A common theme woven into the religious fabric is this idea of an elite intermediary between the living and the divine. It is a practice that can be seen cross-culturally as well as spanning the continuum of time. Most presently in contemporary times we see this display in the Roman Catholic Church. It is the idea that a holy and pious priest intercedes on behalf on his parish to atone for the transgressions of many. However this is a practice that also dates back to early civilizations and may be chiefly exemplified in the ancient state of Mesoamerica, namely in San Jose Mogote at approximately 1300BC. At the time increasingly elaborate rituals were unifying a diversified population in the early highlands of Mesoamerica.  During this time the local rural population was servicing a powerful elite and in return the elite would provide retribution of iniquity to the gods.


This raises an interesting question regarding power dynamics and how it is promoted and reinforced through religious and ritualistic practices. I am especially curious in the rationale employed in needing an elite intermediary. Although I believe that this was an ingenious mechanism in place to maintain power and control I wonder how those in power justified this need to the masses.


One hypothesis I believe that supported this power structure was the perceived need for material to offer as sacrifice. In most cases in early ancient states it was essential to offer up material goods to the gods. This was done through many different avenues. It could be precious jewels or metals, opulent fabrics, livestock, the first yield of crops, or in some cases, human life. The wealthy are obviously the most viable and feasible population to provide these material goods. Therefore since they provided the sacrifice, they got to experience the divine contact. Another hypothesis is that the elite had more relational contact with the priests and religious officials. Hence, since they presided over this group the elites had more direct power in shaping the customs and practices of their given community. My last hypothesis is that religious practices were a highly guarded and protected cultural capital and was therefore maintained within the powerful circles. Accordingly, these groups were able to protect the construction of their religious practices.


Overall, religion is a very significant institution and in many cases considered very personal. Therefore it is logical that the community, particularly the elite, takes measures to preserve the integrity of this holy institution. Conversely, because it does exhibit a highly personalized nature it also makes sense that even those considered as part of the general population would have access to who or what they consider divine. Religion and ritual is something that is typically practiced on a daily basis and therefore needs continual performance and reinforcement. Due to the ongoing need to religion to be promoted throughout an individual’s lifetime rather than isolated incidents I would advocate against the position of needing an elite intermediary. Perhaps this is my Marxist thinking tendencies but I believe that in a small group of powerful individuals controlling the interactions with the divine they are also controlling the beliefs and practices at large of that community.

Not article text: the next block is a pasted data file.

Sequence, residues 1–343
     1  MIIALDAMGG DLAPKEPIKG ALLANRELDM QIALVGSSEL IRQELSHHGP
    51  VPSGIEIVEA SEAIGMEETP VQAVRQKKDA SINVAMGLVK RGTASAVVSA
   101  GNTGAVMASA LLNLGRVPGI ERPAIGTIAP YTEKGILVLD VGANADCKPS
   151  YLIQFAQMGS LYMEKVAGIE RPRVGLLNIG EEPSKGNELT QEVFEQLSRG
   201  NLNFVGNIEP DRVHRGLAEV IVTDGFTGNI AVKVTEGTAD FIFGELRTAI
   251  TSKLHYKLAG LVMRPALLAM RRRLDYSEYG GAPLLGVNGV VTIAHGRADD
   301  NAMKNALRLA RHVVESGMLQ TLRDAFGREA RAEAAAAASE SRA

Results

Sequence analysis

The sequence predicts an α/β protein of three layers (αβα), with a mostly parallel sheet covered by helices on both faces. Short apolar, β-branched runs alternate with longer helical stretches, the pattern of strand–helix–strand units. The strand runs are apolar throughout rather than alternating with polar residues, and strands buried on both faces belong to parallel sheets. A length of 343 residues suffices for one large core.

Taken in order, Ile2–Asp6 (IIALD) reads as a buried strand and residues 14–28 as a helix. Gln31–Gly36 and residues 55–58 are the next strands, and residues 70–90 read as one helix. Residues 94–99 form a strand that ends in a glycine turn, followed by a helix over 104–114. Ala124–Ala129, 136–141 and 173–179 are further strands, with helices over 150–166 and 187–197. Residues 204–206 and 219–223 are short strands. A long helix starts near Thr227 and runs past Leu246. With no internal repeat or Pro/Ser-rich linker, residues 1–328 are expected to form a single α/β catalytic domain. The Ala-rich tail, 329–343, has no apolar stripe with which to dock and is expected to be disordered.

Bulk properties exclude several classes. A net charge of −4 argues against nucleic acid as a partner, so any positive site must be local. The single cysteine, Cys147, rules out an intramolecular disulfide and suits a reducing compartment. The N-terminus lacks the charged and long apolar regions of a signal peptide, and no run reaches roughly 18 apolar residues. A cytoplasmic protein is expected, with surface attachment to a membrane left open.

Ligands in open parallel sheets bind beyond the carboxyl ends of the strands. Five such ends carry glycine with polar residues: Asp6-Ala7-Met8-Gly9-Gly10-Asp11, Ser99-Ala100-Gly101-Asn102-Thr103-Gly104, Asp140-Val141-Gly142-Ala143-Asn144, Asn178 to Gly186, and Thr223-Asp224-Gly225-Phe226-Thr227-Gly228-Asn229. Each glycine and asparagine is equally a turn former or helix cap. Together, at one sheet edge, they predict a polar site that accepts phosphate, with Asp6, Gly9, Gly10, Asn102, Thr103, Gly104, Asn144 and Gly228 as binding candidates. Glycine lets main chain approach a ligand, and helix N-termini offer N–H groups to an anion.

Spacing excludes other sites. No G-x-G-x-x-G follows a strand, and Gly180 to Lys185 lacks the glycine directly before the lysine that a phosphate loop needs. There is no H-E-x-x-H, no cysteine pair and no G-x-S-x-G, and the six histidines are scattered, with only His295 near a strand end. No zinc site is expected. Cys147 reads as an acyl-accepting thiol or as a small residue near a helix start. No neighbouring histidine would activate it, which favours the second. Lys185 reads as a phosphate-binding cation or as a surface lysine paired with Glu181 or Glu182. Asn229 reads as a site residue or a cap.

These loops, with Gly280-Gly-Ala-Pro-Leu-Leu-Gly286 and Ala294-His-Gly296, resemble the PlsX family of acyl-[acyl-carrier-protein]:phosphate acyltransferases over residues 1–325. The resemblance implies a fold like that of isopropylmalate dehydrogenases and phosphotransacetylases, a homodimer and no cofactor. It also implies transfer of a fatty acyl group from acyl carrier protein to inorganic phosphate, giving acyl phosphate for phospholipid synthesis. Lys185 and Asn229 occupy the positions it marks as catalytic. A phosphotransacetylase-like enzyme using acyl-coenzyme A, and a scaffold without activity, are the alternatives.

Ball Courts

When we were learning about the Maya in this last section of the class, I found myself really intrigued by the ball courts. I think it’s interesting how the game can connect distinct areas together with tradition, and it also reminded me of our own obsession with sports in American culture. Also, I definitely had a visual from watching The Road to El Dorado a few too many times as a kid.

I think that ball courts seem to symbolize and bring together many aspects of Mayan life. It was probably a form of entertainment much as our sports are today, but there were other purposes and significance. When competing Mayan areas were heading down a road to violence, a ball game could provide a release valve for all that pressure before a full scale, violent war came to fruition. The fact that this was even a possible solution seems to point to strong connections and relations between neighboring areas.

Beyond bringing separate Mayan regions together, the ball court also seems to follow Mesoamerican peoples throughout time as different groups rose and fell in prominence. Evidence of the ball game exists before and after the height of the Maya and seems to have passed from group to group. This common denominator also points to its greater significance for the Maya and other people such as the Olmec and the Aztec.

I also think it’s interesting that the ball court was a prevalent part of the “state” ideology that bound smaller groups together. It appeared in art and architecture and was possibly involved in ideas of cosmic balance, which we discussed in relation to human sacrifice. There was some aspect of the living fighting the dead and renewing a religious cycle.  Among the Maya, this took a more extreme turn by including a human sacrifice cult. This could be connected to how the ball court was kind of a lesser war. In war, foreign captives were an important gain from success in conquest because they served as sacrificial victims. Maybe sacrificing ball players after the game was accomplishing the same goals.

Overall, it seems that the ball game was both practical and ritual in nature. I imagine people have investigated aspects of ritual in modern sports, and I wonder if our system fills any of the same functions. Regardless, I’m certainly glad that MSU’s football games don’t end with human sacrifice.

Here’s a link to an article I read about the ball game if anyone is also interested: